- In a 35-page report, Institutional Shareholder Services (ISS) is urging shareholders to vote for change at board level at Mylan and against ratification of the compensation package for Chairman Robert Coury, previously the company's CEO. This is based on the "long-term reputational damage" that Mylan has incurred following the EpiPen pricing and classification controversies.
- ISS claims that Coury's compensation for 2016, which includes $9 million in time- and performance-based equity awards and a $43.6 million restricted stock grant based on his continued service as non-employee chair, is "outsized."
- Mylan has responded with a letter to its shareholders, describing the company's board as "engaged, refreshed and responsive," and Coury's compensation as "aligned with the company’s stock performance." The letter also noted that "nearly 90% of consumers who received an EpiPen Auto-Injector or its authorized generic had an out-of-pocket cost of less than $100 and more than 80% are paying less than $50."
ISS's argument against the current Mylan board is that it blames the board members for what it sees as the erosion in share value and reputational damage to the company resulting from the pricing challenges and the resulting Congressional hearings, investigations by regulators, lawsuits and potential legal and settlement costs.
The state and city of New York pension funds and the California teachers pension fund are also urging shareholders to vote against board members, including Chairman Robert Coury. Unsurprisingly, Mylan does not agree, and sent a statement to BioPharma Dive this morning: "We are confident that our shareholders recognize that this Board has overseen a period of strong and sustainable long-term growth, and that the recommendation and rationale to remove the Board and leave the company without any leadership is simply irrational and not in the best interests of the company, its shareholders and other stakeholders."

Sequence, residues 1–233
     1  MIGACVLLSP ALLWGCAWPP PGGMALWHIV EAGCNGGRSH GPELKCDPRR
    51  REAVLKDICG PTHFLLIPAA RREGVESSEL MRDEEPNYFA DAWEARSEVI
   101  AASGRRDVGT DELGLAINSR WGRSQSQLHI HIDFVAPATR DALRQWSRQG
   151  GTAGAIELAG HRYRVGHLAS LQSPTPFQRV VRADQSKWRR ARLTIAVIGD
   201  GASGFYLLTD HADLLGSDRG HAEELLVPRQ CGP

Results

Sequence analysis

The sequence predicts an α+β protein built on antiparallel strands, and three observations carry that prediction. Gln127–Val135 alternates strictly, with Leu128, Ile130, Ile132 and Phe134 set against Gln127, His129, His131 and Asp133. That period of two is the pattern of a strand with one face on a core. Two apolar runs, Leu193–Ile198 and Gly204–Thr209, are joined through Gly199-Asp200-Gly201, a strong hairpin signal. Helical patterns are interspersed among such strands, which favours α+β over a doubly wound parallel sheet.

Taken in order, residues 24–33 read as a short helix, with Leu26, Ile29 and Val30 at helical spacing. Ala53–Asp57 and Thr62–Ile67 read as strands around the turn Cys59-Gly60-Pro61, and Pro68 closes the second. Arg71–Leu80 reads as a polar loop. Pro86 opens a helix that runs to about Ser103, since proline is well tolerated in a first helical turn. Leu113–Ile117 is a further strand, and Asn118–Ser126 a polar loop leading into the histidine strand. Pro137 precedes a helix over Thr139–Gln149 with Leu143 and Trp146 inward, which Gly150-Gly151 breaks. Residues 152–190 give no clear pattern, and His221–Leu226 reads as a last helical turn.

Mylan's board also sent a letter to its shareholders. This didn't directly address the increases in price for EpiPen, simply stating that the U.S. drug pricing debate "is not company- or product-specific, but rather an industry-wide issue that requires a broad conversation and a holistic solution involving all market participants." It describes its response to the pricing criticisms – launching an authorized generic at half the cost of the branded product – as an "unprecedented action to respond meaningfully to the seismic shifts in our healthcare system."
However, the generic two-pack still weighs in at $300, still higher than the historic price of $265 for a pack of two around four years ago, and the 2007 price of about $57 for a single injector. Mylan also hasn't been helped by the recall of batches of defective EpiPens across the world.
Mylan closed yesterday at $38.88, with a 52-week low of $33.60, but down from a 52-week high of $50.40. This is well below Teva Pharmaceutical's $82 a share offer back in April 2015, subsequently withdrawn in July 2015 after discussions with investors.
Teva subsequently acquired Actavis Generics from Allergan in August 2016 instead. The failure of this deal has been challenged, especially as it has a generic competitor to EpiPen in the works. Mylan's board response in its letter is: "the Teva approach was not right for the company and the long-term implications were inconsistent with Mylan’s commitment to shareholders and other stakeholders."
The upcoming Mylan annual general meeting is on June 22, 2017.